PuSh Blog

Generative Friction Through Programming Plurality

January 02, 2024

Art reflects the world and the times in which we live. At its best, it’s an essential cultural force that builds empathy and understanding. Our aim is that PuSh brings us together and inspires us to have complex and nuanced conversations; to challenge ourselves and each other not only to think differently, but to feel differently. The Festival experience is greater than the sum of its parts and defined in how each piece sits in conversation with the other. These pieces share a sense of cultural urgency and, together, welcome generative friction through plurality as a cultural strategy. Our invitation for critical engagement is exemplified in the relationship between The Runner and Dear Laila within this year’s Festival program.

UPDATE: Please see a joint statement from PuSh, Basel Zaraa and Christopher Morris for an update on the programming of The Runner: https://pushfestival.ca/joint-statement-from-push-festival-basel-zaraa-and-christopher-morris/

A man in a reflective safety jacket with his hands up and head tilted down. There is a light casting down on him creating light shadows in the image.

The Runner, by Canadian playwright Christopher Morris, is a story about triage that’s set in Israel. It unpacks one character’s dilemma between humanist impulse and socially-imposed morals, as he advocates for seeing all human life as equal. In its commitment to examining the polarizing tensions and conflicting ideologies at work within its Israeli protagonist, it exposes painful racism behind the dehumanizing sentiments encountered by the character. Christopher, who has no direct ties to any country in the region, shares: “I lack the experience, or expertise, to speak on or write a play about the extremely complicated conflict that’s happening right now in that part of the world. And what I’ve been offering since 2018 is a play, from my Canadian perspective, that explores the complexities, and limitations, of empathy and kindness.” Ultimately, he frames The Runner as “an offer for discussion.”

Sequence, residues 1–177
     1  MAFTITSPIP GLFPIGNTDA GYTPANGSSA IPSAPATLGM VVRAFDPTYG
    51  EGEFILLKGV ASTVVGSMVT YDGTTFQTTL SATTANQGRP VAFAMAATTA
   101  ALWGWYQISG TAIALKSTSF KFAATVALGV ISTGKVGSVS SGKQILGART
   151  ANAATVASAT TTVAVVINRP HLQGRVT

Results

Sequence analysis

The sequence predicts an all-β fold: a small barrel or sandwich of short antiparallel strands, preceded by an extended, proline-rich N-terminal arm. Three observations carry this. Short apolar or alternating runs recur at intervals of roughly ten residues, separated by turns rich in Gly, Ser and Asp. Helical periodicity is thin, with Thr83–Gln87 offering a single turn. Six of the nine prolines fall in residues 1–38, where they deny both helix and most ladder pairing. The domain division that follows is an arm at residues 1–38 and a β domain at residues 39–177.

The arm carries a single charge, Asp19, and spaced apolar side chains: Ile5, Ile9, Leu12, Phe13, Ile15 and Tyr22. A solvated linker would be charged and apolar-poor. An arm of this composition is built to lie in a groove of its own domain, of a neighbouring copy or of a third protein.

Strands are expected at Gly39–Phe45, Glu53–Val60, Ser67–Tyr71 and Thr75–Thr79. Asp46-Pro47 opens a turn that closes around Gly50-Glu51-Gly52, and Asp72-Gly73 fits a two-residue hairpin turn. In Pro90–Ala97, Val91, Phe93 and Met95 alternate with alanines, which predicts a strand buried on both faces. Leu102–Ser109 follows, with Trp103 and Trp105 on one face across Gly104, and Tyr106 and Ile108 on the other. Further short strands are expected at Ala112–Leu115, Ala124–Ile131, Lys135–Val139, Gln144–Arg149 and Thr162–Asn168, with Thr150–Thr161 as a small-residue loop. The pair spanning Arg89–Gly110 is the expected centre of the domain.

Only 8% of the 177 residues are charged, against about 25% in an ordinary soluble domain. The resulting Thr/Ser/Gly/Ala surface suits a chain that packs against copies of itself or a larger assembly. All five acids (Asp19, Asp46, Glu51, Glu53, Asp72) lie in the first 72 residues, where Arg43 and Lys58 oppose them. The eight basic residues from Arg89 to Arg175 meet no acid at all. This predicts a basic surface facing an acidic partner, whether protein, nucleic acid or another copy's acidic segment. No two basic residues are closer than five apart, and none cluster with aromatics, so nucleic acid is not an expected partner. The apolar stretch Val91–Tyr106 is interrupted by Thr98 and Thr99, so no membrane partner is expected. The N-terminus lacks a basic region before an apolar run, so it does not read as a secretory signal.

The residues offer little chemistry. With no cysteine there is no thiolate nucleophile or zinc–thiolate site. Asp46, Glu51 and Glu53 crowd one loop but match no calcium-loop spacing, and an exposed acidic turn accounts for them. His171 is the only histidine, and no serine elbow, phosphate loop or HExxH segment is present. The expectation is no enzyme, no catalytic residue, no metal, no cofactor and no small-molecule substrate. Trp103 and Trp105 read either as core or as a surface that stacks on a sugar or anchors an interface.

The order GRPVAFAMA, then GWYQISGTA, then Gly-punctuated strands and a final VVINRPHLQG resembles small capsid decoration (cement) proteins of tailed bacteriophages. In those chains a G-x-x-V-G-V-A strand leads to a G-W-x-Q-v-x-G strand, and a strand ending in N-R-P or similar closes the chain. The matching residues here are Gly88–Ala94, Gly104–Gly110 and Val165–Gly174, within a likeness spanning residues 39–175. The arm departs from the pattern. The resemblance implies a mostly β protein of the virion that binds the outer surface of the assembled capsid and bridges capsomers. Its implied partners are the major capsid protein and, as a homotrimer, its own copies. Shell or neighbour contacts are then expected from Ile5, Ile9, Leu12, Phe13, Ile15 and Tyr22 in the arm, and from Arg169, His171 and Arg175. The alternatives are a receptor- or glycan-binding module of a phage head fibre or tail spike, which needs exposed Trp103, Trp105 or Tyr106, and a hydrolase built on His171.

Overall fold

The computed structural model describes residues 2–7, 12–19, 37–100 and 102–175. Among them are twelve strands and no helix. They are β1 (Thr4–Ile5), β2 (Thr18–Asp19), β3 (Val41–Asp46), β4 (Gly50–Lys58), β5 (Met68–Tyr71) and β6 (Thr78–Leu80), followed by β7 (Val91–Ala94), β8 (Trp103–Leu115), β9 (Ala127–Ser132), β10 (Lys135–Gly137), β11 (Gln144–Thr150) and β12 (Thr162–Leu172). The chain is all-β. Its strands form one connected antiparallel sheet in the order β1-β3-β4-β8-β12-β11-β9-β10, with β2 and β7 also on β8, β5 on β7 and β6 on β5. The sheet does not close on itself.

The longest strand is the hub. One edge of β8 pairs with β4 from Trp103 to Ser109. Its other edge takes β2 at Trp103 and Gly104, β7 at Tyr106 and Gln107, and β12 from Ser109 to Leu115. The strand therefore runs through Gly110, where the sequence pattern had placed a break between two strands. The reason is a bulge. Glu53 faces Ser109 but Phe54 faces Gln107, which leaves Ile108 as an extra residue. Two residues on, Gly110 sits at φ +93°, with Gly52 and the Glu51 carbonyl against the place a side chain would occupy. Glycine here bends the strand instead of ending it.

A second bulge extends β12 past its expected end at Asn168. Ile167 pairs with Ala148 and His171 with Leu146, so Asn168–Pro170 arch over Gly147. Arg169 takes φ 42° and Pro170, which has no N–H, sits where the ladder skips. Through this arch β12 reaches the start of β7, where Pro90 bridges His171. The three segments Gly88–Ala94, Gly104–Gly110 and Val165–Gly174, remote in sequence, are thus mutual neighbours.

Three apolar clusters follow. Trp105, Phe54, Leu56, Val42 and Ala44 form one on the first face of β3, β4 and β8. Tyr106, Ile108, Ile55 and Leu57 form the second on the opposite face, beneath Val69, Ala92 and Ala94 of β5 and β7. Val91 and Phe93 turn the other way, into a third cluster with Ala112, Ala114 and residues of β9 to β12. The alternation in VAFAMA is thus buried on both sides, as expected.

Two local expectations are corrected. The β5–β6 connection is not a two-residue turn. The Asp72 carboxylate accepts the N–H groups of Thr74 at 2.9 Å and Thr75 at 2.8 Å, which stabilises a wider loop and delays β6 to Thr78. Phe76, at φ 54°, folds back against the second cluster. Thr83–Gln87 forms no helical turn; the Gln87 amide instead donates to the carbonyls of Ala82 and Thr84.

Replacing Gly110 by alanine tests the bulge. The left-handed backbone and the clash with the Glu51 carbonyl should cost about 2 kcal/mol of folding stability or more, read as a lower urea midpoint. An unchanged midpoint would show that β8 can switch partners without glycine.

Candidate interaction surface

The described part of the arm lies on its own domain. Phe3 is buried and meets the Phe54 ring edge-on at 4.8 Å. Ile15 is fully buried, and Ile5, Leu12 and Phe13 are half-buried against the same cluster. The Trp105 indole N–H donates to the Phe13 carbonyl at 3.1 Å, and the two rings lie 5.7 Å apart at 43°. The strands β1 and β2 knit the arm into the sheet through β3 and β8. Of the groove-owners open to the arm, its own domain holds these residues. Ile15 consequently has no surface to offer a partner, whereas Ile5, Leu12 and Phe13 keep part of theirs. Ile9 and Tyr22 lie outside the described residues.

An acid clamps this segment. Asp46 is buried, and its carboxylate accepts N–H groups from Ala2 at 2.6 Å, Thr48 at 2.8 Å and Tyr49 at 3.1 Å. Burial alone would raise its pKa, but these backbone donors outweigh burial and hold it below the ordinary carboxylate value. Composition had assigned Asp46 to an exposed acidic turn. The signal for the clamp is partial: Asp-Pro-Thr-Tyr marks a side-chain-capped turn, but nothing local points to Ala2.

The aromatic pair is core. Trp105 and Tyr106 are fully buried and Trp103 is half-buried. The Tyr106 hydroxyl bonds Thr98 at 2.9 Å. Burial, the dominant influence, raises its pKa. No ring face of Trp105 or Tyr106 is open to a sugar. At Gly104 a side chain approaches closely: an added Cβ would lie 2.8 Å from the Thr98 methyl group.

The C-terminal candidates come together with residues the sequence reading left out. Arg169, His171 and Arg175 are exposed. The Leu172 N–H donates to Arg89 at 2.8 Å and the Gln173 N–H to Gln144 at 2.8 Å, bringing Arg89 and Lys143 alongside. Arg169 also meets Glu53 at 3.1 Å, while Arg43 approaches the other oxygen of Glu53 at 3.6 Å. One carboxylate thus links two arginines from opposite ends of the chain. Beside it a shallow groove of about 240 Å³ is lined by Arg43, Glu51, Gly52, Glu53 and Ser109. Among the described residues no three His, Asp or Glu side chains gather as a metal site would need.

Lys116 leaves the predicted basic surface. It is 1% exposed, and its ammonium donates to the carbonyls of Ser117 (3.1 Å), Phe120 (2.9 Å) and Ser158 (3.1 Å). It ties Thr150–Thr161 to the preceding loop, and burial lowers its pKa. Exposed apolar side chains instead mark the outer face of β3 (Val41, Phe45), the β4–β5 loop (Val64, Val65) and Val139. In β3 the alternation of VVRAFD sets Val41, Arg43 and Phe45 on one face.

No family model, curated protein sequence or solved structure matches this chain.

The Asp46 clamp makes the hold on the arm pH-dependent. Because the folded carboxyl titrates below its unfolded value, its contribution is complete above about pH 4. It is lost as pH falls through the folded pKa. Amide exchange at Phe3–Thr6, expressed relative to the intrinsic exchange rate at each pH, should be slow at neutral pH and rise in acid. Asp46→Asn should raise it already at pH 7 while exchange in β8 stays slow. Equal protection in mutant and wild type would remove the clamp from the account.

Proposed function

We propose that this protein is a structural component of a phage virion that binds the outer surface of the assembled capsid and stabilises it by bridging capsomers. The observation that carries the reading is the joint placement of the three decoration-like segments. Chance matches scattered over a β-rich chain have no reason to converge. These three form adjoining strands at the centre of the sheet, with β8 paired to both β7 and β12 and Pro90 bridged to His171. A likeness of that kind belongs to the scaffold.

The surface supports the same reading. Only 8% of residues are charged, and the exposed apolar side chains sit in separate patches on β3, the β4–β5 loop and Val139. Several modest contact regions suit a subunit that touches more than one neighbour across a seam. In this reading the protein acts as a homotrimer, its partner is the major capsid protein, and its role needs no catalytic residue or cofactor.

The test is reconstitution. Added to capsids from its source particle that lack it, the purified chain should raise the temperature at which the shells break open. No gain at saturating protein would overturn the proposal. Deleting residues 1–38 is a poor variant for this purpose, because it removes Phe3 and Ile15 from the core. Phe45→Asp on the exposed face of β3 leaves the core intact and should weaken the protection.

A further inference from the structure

Listen to Christopher Morris’ episode on PuSh Play.

Presented parallel to The Runner, Dear Laila is an installation experienced by one audience at a time that offers an autobiographical perspective on the forced displacement of Palestinians through the story of one family, exposing how war and exile infiltrate the everyday and the domestic. Basel Zaraa, the artist behind the project, is a Palestinian refugee who grew up in Yarmouk refugee camp in Damascus, Syria. In our episode of PuSh Play with Basel, he explains how he centered the work on a miniature model of his destroyed family home in Yarmouk camp, and three stories that represent the three generations who lived in the house. Intimate and interactive, Basel applies a personal approach to the design, with the intention that each audience member individually connect with this story of “[a] family, like many families of our communities, who are stuck in a loop of losses,” and frames the project as “a way for me to face and express and understand the trauma that we live with”.

These two works form part of the wider 2024 Festival ecology, and each plays an integral role to a balance that has been curated with care. In the face of violence and atrocity, presenting live art can feel small. We hope that, collectively, the performances and multimedia experiences of this year’s Festival offer opportunities for self-reflection, better understanding of others’ experiences, and dialogue – actions which in our view can sometimes offer building blocks for meaningful political change.

Photo credits: The Runner, Dylan Hewlett / Dear Laila, Mohab Mohamed